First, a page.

Sunday August 3rd Worship at Starbeck Chapel

On Sunday August 3rd I led worship at Starbeck Chapel. We began worship with ‘Guide me O great Jehovah’ before I led the opening prayers. I told a story of a poor 11 year old girl who had been sold unbeknown to her family as a slave, to an ice cream factory, but whose crying had been heard by another poor family who asked ‘Save the Children’ to help; they bought her back and returned her to her home. Jesus felt sad because his cousin John the Baptist had just been killed; he knew he would soon be going the same way. He and the disciples sailed to the opposite side of the Lake of Galilee to find time for peace and quiet. However he was followed and on disembarking he found a crowd for whom he felt compassionate and he met their needs spiritually and physically. We then sang ‘Brother, sister, let me serve you, let me be as Christ to you.’ We then read Psalm 145 responsively and we heard Romans 9v1-5. We then sang ‘Break thou the bread of life to me’, before the dramatised reading based on Matthew 13v13-21.

In the sermon I talked about the compassion and longsuffering of God as expressed by the psalmist in psalm 145. He felt overwhelmed by God’s majesty and how much he cares for each one of us, so he burst into praise. I find the psalms are so helpful to me if I want the words to start a time of worship, praise and thanksgiving. The psalms say it all so clearly, both the joy and the pains of life flow to our God who is always listening. He holds us in his arms even at those times when we feel overwhelmed with sorrow and pain, until we once again can praise him and thank him for his deliverance. The psalmist encouraged his readers to call on the Lord and he would respond to their needs.

Jesus had just heard the news of the death of John the Baptist which foreshadowed his death; he needed to be alone to grieve but Galilee was a small country where it was difficult to be alone, as it was so thickly populated; but the east side of the lake was quieter, so with his fishermen friends Jesus got on a boat to seek a refuge there. He needed rest and a time of prayer with God. However it was not to be. When he arrived at the east side of the lake he found the crowds with all their needs had followed him and he felt compassion on them verse 14; ‘When he came ashore and saw a large crowd, his heart went out to them, and he healed those who were sick.’ He could so easily have found the crowd a nuisance as he needed his rest but instead he met their needs and healed them. Paul too felt compassion and grief as his people, the chosen people, who rejected Jesus. He would even be prepared to be cut off from Christ, if he could only bring them to Christ.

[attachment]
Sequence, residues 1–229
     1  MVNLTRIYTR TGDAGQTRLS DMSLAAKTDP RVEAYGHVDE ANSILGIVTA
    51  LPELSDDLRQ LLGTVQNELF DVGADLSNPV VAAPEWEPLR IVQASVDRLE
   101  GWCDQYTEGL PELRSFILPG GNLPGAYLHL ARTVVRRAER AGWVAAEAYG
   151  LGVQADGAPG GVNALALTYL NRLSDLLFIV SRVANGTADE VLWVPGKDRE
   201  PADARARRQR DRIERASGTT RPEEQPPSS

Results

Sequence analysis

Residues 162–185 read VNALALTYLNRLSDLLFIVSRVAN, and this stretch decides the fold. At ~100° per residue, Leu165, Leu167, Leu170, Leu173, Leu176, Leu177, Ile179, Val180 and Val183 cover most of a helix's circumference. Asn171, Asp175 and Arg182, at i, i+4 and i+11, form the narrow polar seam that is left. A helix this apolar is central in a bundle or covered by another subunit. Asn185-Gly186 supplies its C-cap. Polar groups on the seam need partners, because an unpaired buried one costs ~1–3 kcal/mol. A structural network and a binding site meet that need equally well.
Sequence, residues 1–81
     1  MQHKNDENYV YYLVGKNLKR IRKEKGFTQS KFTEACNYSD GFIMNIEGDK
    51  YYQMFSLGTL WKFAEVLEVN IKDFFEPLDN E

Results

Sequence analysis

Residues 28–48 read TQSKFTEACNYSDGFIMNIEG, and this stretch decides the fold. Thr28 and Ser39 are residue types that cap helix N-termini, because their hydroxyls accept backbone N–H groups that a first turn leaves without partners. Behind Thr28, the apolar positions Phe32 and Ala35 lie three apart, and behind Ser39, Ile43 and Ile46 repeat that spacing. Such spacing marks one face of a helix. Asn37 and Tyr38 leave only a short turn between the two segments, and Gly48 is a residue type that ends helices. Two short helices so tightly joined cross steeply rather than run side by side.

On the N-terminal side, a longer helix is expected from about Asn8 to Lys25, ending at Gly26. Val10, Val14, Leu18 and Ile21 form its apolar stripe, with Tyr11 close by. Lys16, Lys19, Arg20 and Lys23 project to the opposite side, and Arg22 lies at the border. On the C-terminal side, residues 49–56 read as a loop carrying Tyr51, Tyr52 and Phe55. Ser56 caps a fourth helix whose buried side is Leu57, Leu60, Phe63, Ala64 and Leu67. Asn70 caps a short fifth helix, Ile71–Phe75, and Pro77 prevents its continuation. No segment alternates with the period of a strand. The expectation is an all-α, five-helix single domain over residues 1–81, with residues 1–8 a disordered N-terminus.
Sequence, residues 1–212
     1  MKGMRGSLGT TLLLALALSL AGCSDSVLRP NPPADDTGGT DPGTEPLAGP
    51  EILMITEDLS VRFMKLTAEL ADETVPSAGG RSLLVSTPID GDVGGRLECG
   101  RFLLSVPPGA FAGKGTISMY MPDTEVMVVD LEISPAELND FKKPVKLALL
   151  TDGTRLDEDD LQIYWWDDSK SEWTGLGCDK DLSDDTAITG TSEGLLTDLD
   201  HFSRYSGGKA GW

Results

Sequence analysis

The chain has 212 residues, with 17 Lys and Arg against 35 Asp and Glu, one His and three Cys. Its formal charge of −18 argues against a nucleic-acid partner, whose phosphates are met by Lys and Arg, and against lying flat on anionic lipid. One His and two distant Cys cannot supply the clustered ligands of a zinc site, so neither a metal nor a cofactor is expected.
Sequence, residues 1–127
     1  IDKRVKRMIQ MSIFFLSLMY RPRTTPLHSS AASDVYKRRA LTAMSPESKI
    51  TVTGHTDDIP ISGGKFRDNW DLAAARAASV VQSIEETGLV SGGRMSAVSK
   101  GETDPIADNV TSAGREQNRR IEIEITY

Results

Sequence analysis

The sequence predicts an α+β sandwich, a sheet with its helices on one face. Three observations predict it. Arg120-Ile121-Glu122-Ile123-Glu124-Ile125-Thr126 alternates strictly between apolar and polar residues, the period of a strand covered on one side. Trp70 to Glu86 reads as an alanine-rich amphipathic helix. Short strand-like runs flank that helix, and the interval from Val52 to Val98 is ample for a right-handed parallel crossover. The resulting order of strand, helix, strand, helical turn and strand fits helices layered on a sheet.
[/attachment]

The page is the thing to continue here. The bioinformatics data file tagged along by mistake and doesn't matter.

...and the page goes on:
When it was getting late the disciples suggested the crowd should go into the villages to buy food, but Jesus challenged the disciples to provide the food. They brought the bread and fishes to Jesus who blessed them and the disciples distributed them; the crowds had enough and there were 12 baskets of leftovers collected. We can bring the little we have to offer in service to Jesus and he makes it sufficient for the needs around us, and there are even leftovers! Jesus could not have fed the crowd on his own; he needed the help of the disciples. We are Jesus’ hands and feet in a needy world using our meagre gifts which through Jesus’ blessing become more than sufficient. Not only does Christ make our small offerings sufficient but nothing is wasted; all the leftovers were collected up. God gives generously but we are to use the gifts wisely. May we have compassion towards the needy and the despairing and allow the love of Jesus to shine through our lives to draw others to his accepting, unconditional love.

We then sang ‘Longing for light, we wait in darkness’ before I led the intercessions where members of the congregation brought out illustrations of loaves and fishes to put on the altar, although they all brought them out together rather than following the relevant prayer section. I will try to think that out better in future. Worship concluded as we sang ‘Behold the servant of the Lord.’

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